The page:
One of the more interesting aspects of getting older, I've found, is finding my memories all the more potent. Perhaps it's because I'm making relatively few new ones given the regular doldrums of office life (and saving up some PTO to make some new memories), but sometimes I can close my eyes and remember something so precisely that it's almost jarring to exist in the present.

For example, if I think back to my time as a soccer player in high school, then my mind wanders back to the smells of a humid, sweaty summer of running and being so damned tired that I'd fall asleep as soon as I went home. And then there were the times where my friends and I, all sticky and exhausted from sweating our asses off, rumbled over to the nearby convenience store to buy a sandwich and a Gatorade, wearing our soccer gear. And I'm there, standing on the brown-tiled floor of the shop, browsing the chips and drinks, waiting for my friends to order their food so we can go eat on the sidewalk outside and generally grumble to each other how little we're getting any action from girls we think are attractive.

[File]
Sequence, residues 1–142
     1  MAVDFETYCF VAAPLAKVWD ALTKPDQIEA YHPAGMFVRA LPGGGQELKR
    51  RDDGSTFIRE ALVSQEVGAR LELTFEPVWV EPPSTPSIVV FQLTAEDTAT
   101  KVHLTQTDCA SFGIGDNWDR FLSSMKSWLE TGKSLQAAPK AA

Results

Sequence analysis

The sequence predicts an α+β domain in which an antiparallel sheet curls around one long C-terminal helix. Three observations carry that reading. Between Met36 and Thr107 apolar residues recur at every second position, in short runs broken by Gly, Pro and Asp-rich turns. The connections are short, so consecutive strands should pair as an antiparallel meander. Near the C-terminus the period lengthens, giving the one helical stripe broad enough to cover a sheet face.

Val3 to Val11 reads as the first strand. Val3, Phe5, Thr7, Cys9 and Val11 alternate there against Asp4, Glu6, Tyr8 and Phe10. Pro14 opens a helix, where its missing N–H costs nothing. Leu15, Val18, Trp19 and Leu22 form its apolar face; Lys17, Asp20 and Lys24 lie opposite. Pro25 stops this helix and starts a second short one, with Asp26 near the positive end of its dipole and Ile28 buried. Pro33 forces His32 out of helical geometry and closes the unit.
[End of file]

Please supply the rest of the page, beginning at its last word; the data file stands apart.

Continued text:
And the traffic rolls by and we sit on the cement blocks meant to stop cars from rolling forward too much, our legs sore and our backs hunched, digging into a sandwich whose bun is just a little too sharp for my mouth. My one friend talks about having a thing at his pool, which is always just water polo, and since I can't swim I'm always reticent to go. He also boasts that he's going to invite some girls, but it never happens so it'll never happen. (Note: eventually, some girls did actually come by.)